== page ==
How to Be a Committee of Joy

Updated: Oct 14

3 life-affirming activities that increase happiness

My friend is an avid reader and philosopher of the state of our emotions. She told me about the phrase, “committee of joy.”


Have you known someone who always seems to be happy? Think about those people who just do things that make others feel good. When you’re down and discouraged, who do you want to talk to?


That person is a “committee of joy.”


Why are some people chronically upbeat and positive?


Genetics can be attributed — at least in part — to whether or not you have a happy outlook.

One study found that people with more long alleles of the 5-HTTLPR gene (a serotonin transporter gene) tended to be happier than those with a fewer number. 50% of life satisfaction is due to genetics. But genetic predisposition is only part of the picture.


Can you be happier than you are now even if you’re not blessed with that genetic tendency? Could you become a committee of joy?


You bet.


Your happiness quota is also affected by what activities you choose to do. In fact, 40% of your life satisfaction is attributed to intentional activities, and only 10% is based on external events.


Start with practicing gratitude


I have a book that I’ve kept on my shelves for years. It’s a book from 1996 by Sara Ban Breathnach: The Simple Abundance Journal of Gratitude. Every day you were supposed to record five things you were thankful for. It’s amazing how counting your blessings can help you recognize your own happiness.


Think about all the things you have. Contemplate the theory that you may already own everything you need to make yourself happy. Understand the old adage that money doesn’t buy happiness. Make a list. Mine includes the warmth and security of a modest home. The sound of raindrops on my roof at night. Holding someone you love in your arms. A sense of humor. The ability to sleep. When the repair bill is less than you expected. The success of your children.


Get the idea? Gratitude comes in being cognizant of what you have.


Show compassion for others


Volunteer work and kind deeds do wonders for your soul, not to mention how much it helps other people.


A study done on women with Multiple Sclerosis showed that the women who helped other women with the same disease had more positive changes than the people they were helping.


Doing good things for other people help you by broadening social networks, keeping you connected, increasing your physical activity, and improving your self-confidence and altruism.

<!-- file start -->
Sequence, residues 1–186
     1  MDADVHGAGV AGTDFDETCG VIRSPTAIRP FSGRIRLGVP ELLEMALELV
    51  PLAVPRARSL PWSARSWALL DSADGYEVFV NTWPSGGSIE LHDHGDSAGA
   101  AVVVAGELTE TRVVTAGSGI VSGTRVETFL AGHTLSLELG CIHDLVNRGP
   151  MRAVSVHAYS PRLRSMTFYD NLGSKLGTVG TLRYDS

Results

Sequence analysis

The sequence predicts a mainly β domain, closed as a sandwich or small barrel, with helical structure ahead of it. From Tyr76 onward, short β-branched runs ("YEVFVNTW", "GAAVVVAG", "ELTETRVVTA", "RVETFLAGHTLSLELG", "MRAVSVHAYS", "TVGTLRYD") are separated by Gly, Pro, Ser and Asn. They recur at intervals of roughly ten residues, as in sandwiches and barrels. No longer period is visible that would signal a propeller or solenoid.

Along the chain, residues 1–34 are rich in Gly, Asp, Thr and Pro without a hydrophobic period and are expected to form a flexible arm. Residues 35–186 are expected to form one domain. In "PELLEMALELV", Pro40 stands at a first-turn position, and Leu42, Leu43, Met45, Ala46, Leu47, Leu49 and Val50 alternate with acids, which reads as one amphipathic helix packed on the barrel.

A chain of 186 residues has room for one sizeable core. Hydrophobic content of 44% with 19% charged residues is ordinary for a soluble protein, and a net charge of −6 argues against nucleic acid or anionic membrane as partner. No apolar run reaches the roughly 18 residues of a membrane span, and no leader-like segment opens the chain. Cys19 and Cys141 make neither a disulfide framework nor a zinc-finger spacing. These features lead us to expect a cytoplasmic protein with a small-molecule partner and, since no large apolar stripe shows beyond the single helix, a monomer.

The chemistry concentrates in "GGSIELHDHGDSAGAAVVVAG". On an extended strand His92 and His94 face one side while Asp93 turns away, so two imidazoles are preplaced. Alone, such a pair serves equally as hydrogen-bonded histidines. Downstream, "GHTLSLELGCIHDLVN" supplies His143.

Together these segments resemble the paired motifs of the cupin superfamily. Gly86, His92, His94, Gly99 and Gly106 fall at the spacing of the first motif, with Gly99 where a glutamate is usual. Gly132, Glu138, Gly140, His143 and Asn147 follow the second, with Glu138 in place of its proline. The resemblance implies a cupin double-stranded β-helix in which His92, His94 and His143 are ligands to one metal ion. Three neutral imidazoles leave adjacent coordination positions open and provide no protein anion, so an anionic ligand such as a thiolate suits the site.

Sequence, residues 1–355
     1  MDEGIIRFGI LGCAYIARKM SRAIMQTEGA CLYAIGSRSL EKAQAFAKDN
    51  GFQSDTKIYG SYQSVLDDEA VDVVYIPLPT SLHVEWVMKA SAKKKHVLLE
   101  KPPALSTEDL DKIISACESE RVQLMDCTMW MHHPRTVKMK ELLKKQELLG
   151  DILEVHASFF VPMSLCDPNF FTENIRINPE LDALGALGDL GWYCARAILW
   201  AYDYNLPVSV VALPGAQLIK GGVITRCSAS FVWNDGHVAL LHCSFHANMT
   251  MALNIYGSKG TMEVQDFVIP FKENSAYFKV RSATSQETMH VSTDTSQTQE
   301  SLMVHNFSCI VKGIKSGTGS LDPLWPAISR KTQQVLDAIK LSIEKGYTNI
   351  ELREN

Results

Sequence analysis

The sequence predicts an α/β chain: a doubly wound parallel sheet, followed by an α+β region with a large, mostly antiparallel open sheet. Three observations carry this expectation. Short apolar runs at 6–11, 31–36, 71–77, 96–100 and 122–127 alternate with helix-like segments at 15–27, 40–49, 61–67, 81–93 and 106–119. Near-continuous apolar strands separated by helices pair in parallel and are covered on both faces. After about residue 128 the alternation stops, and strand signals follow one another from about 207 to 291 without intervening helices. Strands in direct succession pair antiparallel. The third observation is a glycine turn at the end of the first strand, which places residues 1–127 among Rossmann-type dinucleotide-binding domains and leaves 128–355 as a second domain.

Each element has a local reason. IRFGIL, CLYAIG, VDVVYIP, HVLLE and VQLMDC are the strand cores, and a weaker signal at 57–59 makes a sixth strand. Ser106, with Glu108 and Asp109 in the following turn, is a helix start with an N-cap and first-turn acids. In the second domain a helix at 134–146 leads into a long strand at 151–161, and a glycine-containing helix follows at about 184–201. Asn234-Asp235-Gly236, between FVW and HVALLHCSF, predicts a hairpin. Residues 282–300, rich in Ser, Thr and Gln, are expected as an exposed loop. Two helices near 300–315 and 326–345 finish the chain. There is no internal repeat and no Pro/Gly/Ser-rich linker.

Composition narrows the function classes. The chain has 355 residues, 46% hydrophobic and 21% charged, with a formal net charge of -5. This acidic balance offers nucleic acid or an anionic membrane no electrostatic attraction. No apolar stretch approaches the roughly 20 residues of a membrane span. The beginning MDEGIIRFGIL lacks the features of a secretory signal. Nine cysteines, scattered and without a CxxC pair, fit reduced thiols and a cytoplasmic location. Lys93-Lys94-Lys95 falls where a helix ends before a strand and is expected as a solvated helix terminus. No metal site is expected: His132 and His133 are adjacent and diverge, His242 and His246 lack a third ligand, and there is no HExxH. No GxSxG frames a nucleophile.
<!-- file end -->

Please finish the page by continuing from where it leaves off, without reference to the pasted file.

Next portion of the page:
You don’t even have to join an organization. Do random acts of kindness: Pay for a stranger’s meal in a restaurant. Treat the person behind you in a drive-through to an unexpected fast-food freebie. Help an older person with unloading their grocery cart and packing the car.


Smile more. It’s infectious, and it’s a simple kindness that may be the only good thing that happens to someone else that day.


By helping others, you help yourself be happy.


“Live Like You Were Dying…”


Thank you, Tim McGraw — and Marilyn French.


Marilyn French wrote an essay that I’ve kept in my idea-journal for years. She wrote of her fight with esophageal cancer saying,

“My illness shriveled the future up and blew it away. I rarely think further than the next day. I silently precede every statement of commitment with ‘if I live’….Losing the future is the best thing that every happened to me. My desires are now limited to the present and the immediate future — that is a few hours hence. Stuck in the present, I can devote myself to it, to daily pleasures, pleasure in the moment, pleasure in everything (or almost everything) I do. I no longer have large scale desires. I have only small desires — for a glass of cold orange juice, a good book, a visit with someone I love. I have noticed that my laugh has changed, is more spontaneous, deeper. I am almost serene.”

Perhaps, for some people, facing death changes their perspective. Maybe priorities are clearer and what’s important in life comes to the forefront.


But you don’t have to be faced with a tragedy to start finding your own sense of gladness.

Live in the present. Be grateful for your blessings. Help others. Make a choice to be a committee of joy. You’ll be amazed at how much happiness you find — for yourself — and for others.




Get a jolt of joy by reading other articles in Heartfelt Stories.

 
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